Dietary intake and status of n-3 polyunsaturated fatty acids in a population of fish-eating and non-fish-eating meat-eaters, vegetarians, and vegans and the product-precursor ratio [corrected] of α-linolenic acid to long-chain n-3 polyunsaturated fatty acids: results from the EPIC-Norfolk cohort.Am J Clin Nutr. 2010 Nov; 92(5):1040-51.AJ
Intakes of n-3 (omega-3) polyunsaturated fatty acids (PUFAs) are important for health. Because fish is the major source of eicosapentaenoic acid (EPA) and docosahexaenoic acid (DHA), non-fish-eaters may have suboptimal n-3 PUFA status, although the importance of the conversion of plant-derived α-linolenic acid (ALA) to EPA and DHA is debated.
The objective was to determine intakes, food sources, and status of n-3 PUFAs according to dietary habit (fish-eaters and non-fish-eating meat-eaters, vegetarians, or vegans) and estimated conversion between dietary ALA and circulating long-chain n-3 PUFAs.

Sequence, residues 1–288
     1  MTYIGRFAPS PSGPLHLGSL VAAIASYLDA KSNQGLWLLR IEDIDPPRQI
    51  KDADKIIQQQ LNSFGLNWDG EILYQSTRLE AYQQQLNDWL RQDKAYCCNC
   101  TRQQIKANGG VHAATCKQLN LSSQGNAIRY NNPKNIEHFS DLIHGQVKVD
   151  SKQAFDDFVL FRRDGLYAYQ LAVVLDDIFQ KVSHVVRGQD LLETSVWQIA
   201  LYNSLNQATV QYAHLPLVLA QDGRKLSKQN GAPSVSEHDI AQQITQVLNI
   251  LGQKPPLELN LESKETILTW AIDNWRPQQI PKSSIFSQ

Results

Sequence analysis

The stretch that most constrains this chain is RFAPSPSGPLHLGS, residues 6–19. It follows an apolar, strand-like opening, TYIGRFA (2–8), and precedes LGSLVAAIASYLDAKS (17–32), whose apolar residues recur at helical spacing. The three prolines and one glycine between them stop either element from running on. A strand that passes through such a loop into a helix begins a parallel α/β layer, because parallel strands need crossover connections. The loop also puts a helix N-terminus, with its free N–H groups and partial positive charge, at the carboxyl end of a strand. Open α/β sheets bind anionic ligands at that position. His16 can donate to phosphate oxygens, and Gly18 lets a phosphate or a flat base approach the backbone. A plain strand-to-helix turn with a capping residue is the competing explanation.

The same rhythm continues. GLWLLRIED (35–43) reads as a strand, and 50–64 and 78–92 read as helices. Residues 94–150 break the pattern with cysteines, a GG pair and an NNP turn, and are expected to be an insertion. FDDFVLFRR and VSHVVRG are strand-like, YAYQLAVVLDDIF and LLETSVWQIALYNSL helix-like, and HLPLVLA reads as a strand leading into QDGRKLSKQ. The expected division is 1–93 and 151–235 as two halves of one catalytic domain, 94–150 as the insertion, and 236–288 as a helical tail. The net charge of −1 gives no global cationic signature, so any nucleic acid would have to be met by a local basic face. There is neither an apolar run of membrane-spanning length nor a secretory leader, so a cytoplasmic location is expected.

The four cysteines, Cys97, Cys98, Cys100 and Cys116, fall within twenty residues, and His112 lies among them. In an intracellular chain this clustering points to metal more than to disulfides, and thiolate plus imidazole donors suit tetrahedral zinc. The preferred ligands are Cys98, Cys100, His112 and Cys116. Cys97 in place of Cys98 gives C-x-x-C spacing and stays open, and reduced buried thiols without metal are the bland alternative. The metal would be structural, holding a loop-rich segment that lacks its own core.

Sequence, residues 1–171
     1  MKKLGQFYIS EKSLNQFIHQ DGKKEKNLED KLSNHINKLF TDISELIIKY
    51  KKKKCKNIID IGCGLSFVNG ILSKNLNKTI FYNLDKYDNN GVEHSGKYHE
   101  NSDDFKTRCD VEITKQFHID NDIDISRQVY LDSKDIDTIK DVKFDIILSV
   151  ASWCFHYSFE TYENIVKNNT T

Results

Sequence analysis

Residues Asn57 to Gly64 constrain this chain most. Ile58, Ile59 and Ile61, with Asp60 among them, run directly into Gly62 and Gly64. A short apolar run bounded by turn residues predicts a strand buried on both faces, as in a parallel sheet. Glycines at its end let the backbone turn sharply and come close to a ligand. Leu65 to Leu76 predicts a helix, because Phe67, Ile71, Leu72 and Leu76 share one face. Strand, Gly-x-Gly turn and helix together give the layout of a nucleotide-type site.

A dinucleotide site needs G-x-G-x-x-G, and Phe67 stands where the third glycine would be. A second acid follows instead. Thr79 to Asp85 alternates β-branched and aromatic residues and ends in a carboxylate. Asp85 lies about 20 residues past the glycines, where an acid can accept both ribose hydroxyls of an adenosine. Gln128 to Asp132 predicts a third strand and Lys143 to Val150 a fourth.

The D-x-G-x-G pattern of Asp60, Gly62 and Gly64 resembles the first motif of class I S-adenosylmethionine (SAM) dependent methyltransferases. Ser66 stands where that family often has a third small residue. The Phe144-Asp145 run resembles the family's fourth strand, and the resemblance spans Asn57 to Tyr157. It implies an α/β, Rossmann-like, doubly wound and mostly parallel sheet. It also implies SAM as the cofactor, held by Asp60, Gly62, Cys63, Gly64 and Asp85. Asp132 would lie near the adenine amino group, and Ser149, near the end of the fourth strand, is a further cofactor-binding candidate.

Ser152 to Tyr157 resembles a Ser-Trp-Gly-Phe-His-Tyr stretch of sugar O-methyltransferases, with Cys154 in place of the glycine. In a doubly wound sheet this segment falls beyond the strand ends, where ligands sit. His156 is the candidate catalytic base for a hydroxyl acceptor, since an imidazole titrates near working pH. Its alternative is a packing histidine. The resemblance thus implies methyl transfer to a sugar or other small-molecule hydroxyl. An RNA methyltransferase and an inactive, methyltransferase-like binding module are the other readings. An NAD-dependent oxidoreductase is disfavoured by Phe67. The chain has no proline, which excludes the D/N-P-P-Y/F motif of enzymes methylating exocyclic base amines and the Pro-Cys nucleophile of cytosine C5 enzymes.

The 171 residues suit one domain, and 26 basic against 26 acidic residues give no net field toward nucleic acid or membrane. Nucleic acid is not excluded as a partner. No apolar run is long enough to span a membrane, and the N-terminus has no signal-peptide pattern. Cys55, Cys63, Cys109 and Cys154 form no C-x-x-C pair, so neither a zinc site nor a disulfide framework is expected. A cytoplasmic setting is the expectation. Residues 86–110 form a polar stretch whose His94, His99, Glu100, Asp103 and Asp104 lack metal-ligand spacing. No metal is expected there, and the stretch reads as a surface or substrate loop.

This study included 14,422 men and women aged 39-78 y from the EPIC (European Prospective Investigation into Cancer and Nutrition)-Norfolk cohort with 7-d diary data and a substudy in 4902 individuals with plasma phospholipid fatty acid measures. Intakes and status of n-3 PUFAs were measured, and the product-precursor ratio [corrected] of ALA to circulating n-3 PUFAs was calculated.
Most of the dietary intake of EPA and DHA was supplied by fish; however, meat was the major source in meat-eaters, and spreading fats, soups, and sauces were the major sources in vegetarians. Total n-3 PUFA intakes in non-fish-eaters were 57-80% of those in fish-eaters, but status differences were considerably smaller [corrected]. The estimated product-precursor ratio [corrected] was greater in women than in men and greater in non-fish-eaters than in fish-eaters.
Substantial differences in intakes and in sources of n-3 PUFAs existed between the dietary-habit groups, but the differences in status were smaller than expected, possibly because the product-precursor ratio [corrected] was greater in non-fish-eaters than in fish-eaters, potentially indicating increased estimated conversion of ALA. If intervention studies were to confirm these findings, it could have implications for fish requirements.